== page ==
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Stephen Parisi, dean of his class of seminarians in the Buffalo Diocese, went to seminary officials together with another of his classmates about a recent party in a parish rectory. They said that priests were directing obscene comments to the seminarians at the party, discussing graphic photos and joking about professors allegedly swapping A's for sex. As a result, Parisi later came under fire from priests for speaking out about their colleagues' inappropriate behavior and was even told to watch his back. Parisi was not the only one who experienced this type of inconvenience. Together with Matthew Bojanowski he made explosive news recently after alleging that they were bullied for speaking out.
According to The Washington Post, Parisi and Bojanowski, who was academic chairman of the class, have been bullied by superiors, grilled by their academic dean under police-like interrogation and then shunned by many of their fellow seminarians after going public with sexual harassment complaints about those up the chain of command. Bojanowski and Parisi both left the seminary after they experienced bullying and shunning, but they are an example of those who could not stay silent. Many Catholics are becoming aware that the Catholic Church is unwilling to respond frankly and transparently to recently revealed cases of sexual mistreatment of seminarians and priests.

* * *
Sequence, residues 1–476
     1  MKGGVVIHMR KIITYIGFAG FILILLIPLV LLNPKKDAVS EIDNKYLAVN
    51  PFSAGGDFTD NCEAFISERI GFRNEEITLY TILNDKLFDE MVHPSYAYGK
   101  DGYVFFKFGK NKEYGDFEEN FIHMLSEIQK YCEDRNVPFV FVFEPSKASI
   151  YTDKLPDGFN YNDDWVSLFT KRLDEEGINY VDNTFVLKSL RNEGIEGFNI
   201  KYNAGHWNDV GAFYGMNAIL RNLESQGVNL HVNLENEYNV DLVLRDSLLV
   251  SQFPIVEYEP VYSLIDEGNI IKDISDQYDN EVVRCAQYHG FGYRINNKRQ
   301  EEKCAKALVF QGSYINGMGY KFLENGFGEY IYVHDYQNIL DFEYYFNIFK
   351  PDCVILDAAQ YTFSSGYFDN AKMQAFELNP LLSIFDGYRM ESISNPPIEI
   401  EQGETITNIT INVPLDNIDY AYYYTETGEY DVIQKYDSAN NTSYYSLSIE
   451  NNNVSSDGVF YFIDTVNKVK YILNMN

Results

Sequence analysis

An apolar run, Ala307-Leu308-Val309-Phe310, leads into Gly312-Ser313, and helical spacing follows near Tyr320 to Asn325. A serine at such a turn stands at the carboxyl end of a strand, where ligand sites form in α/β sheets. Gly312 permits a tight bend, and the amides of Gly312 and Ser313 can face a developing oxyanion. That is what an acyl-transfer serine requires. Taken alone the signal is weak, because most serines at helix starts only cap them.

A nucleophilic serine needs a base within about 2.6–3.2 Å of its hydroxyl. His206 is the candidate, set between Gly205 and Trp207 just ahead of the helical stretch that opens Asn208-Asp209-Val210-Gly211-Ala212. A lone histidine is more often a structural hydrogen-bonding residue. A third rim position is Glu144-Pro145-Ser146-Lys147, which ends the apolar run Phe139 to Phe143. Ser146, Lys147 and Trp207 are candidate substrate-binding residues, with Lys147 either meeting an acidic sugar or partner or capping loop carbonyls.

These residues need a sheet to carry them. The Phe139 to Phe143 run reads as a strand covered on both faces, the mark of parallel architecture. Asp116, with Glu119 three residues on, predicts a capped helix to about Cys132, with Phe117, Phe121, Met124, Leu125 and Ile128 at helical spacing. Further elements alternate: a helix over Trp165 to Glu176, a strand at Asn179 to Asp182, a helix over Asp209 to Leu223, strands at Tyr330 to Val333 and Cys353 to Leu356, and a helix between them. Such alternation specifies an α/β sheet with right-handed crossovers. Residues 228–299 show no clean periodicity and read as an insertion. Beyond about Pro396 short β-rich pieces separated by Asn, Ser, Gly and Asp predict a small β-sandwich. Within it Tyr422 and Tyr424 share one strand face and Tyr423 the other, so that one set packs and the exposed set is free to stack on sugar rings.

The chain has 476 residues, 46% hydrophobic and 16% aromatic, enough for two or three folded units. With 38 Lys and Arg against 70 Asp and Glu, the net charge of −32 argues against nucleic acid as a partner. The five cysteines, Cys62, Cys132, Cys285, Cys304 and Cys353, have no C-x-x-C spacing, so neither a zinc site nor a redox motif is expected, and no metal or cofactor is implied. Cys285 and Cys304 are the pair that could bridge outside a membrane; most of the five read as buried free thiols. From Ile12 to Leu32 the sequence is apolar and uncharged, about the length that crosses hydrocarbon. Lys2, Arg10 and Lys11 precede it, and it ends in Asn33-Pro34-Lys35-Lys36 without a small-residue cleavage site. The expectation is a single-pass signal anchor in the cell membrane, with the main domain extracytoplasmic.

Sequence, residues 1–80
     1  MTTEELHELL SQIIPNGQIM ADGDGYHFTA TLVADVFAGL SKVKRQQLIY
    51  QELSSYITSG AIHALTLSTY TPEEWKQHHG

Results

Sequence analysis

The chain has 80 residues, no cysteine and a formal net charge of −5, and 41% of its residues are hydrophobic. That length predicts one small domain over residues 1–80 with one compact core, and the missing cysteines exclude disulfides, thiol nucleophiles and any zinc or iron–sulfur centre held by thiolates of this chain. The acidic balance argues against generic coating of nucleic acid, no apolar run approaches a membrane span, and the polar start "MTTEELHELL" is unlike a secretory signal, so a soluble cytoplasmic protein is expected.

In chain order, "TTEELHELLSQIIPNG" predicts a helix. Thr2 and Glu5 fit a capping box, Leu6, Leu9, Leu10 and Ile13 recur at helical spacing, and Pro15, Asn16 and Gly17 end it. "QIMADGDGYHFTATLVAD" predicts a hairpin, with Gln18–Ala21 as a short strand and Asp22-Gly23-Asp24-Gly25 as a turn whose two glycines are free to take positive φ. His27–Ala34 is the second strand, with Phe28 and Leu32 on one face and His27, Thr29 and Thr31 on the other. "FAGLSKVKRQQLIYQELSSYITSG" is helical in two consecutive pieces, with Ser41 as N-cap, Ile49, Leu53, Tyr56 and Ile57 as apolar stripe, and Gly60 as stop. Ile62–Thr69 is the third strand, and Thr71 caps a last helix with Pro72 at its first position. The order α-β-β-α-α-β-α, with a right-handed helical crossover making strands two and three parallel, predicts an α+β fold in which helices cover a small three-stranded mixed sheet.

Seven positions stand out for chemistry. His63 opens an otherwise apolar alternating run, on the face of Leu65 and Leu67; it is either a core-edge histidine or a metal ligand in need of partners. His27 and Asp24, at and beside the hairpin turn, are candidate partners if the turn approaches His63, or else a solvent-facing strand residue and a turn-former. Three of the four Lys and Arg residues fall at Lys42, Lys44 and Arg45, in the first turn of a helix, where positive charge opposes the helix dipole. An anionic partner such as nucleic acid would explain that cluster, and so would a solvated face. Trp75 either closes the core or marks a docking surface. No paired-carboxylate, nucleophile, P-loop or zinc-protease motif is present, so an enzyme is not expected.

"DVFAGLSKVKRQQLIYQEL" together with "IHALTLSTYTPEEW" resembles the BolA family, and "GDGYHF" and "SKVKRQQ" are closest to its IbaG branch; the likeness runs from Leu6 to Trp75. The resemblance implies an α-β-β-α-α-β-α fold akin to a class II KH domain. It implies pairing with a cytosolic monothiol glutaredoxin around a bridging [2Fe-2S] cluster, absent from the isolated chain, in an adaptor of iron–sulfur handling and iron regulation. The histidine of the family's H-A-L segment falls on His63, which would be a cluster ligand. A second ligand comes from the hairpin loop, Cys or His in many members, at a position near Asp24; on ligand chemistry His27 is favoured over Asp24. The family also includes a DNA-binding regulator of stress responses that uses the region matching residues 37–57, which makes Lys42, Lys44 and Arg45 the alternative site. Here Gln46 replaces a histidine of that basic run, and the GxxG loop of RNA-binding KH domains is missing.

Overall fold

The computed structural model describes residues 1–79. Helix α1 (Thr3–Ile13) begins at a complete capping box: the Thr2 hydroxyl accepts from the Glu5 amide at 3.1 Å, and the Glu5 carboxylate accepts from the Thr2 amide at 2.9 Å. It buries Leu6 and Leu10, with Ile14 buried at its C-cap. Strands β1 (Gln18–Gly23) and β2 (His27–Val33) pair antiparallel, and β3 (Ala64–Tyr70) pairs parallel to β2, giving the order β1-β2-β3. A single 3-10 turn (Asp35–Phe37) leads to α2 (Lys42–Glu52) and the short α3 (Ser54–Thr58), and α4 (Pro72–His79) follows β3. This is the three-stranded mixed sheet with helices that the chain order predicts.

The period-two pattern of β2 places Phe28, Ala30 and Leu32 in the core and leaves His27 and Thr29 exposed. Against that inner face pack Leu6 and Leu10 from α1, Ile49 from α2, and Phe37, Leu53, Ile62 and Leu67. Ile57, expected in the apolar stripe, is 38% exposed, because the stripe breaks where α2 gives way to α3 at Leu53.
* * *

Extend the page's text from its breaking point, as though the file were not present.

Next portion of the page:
“My conscience bothered me. If it meant being thrown out, so be it,” said Parisi, as The Washington Post reports. Parisi, who joined the seminary in 2018 after 25 years as a member of a Catholic religious order, caring for the sick and dying, thought he knew the church well when he entered the seminary. Now living with his parents and unemployed, he has received hate mail, and says priests in his hometown won’t acknowledge him. His faith in the institution has been “shattered,” he said. “That’s what you get for exposing the truth.”
If there is anything good in all of this, then it is the fact that Parisi and Bojanowski are among a small but growing number of Catholic priests and seminarians who spoke to someone outside the church complaining about their superiors. While this type of dissent is still rare in an institution which is strictly conservative and requires vows of obedience, it is good that there are those who are breaking the silence. For example, more than half a dozen priests and former seminarians were the key whistleblowers in the recent fall of Bishop Michael J. Bransfield. It seems that the students now are more aware of Church-related scandals than ever before and that they are ready to react.